Individuating mental tokens: The split-brain case

Philosophia 38 (1):195-216 (2010)
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Some philosophers have argued that so long as two neural events, within a subject, are both of the same type and both carry the same content, then these events may jointly constitute a single mental token, regardless of the sort of causal relation to each other that they bear. These philosophers have used this claim—which I call the “singularity-through-redundancy” position—in order to argue that a split-brain subject normally has a single stream of consciousness, disjunctively realized across the two hemispheres. This paper argues, against this position, that the kind of causal relations multiple neural events bear to each other constrains the mental tokens with which functionalists who are realists can identify them.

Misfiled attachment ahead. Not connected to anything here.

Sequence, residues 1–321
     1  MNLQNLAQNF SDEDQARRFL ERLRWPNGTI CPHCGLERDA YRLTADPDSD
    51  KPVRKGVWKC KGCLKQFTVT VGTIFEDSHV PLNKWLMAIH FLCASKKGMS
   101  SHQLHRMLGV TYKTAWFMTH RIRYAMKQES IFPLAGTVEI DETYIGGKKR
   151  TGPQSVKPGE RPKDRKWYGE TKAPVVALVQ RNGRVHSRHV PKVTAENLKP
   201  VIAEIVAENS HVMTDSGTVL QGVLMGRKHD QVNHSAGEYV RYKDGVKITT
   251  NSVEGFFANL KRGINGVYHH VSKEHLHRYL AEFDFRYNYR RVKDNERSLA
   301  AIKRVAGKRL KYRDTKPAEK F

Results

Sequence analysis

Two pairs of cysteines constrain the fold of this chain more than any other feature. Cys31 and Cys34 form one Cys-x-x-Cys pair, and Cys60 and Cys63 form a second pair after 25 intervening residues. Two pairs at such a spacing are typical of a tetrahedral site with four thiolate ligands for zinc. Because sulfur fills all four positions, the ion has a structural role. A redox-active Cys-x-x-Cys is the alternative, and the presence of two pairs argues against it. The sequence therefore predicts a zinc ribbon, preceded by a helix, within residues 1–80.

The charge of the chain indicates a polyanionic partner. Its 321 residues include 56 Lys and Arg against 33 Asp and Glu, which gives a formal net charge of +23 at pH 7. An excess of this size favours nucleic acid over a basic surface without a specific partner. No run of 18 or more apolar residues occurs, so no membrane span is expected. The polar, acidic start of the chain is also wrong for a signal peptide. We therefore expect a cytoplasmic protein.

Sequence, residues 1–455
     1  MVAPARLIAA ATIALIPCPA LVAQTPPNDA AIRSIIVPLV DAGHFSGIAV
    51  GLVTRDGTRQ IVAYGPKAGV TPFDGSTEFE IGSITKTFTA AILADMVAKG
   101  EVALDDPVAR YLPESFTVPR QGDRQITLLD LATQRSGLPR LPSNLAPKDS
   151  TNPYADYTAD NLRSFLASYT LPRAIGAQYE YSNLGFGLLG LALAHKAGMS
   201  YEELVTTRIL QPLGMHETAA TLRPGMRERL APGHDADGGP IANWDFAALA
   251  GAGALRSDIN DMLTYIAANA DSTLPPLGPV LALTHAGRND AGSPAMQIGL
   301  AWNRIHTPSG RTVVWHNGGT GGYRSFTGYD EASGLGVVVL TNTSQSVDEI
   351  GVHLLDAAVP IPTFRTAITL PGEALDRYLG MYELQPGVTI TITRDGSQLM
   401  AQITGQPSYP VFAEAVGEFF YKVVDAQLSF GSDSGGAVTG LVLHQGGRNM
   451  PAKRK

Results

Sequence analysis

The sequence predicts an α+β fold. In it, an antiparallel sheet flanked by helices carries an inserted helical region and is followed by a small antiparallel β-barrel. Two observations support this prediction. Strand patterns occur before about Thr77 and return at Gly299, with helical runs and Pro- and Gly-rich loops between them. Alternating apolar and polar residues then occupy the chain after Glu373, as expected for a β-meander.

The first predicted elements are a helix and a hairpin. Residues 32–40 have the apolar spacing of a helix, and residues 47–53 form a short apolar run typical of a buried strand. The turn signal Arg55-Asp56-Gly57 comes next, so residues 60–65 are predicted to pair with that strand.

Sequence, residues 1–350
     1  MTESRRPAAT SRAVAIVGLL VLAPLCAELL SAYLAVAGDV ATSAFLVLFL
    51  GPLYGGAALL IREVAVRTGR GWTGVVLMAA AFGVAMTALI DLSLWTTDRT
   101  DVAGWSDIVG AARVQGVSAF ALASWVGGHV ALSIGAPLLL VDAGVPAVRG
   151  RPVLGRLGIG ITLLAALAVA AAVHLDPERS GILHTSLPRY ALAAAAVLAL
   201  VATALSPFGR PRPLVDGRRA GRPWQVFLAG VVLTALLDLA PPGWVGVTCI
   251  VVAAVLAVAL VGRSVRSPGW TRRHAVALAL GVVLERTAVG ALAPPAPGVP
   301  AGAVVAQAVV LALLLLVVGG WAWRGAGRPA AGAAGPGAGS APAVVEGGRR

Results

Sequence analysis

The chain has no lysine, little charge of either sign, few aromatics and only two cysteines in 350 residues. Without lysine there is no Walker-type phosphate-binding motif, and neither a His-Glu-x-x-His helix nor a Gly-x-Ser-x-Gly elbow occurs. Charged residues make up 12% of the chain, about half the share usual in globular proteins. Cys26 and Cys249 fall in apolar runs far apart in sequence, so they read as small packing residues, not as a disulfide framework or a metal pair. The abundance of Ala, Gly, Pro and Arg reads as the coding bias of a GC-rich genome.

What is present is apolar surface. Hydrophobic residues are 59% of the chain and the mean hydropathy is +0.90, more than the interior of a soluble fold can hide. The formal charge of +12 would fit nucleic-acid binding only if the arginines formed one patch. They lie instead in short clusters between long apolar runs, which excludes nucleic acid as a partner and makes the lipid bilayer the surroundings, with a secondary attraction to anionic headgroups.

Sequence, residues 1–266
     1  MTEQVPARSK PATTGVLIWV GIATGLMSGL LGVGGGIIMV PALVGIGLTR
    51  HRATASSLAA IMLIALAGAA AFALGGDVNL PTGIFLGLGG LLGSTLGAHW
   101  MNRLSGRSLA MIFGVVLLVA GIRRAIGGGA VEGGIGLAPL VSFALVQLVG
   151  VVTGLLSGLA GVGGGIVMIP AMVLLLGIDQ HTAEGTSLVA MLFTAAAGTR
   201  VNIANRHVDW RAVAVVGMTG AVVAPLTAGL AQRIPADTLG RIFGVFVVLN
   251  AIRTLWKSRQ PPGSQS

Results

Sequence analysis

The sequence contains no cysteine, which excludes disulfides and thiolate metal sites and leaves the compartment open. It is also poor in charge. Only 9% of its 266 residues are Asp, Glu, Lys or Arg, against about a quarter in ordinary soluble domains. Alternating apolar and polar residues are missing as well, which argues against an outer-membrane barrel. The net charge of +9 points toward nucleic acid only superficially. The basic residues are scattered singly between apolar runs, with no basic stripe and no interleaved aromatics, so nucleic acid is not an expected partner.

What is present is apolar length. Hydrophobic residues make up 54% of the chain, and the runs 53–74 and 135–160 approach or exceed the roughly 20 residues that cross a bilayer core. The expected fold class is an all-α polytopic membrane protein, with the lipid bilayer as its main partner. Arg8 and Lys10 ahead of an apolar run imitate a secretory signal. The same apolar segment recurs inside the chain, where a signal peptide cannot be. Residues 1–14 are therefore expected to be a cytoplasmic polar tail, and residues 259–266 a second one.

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Elizabeth Schechter
Indiana University, Bloomington

References found in this work

The Language of Thought.Jerry A. Fodor - 1975 - Harvard University Press.
Mortal questions.Thomas Nagel - 1979 - New York: Cambridge University Press.
Mind, Language and Reality: Philosophical Papers.Hilary Putnam - 1975 - New York: Cambridge University Press.
Consciousness Explained.Daniel C. Dennett - 1993 - Philosophy and Phenomenological Research 53 (4):905-910.

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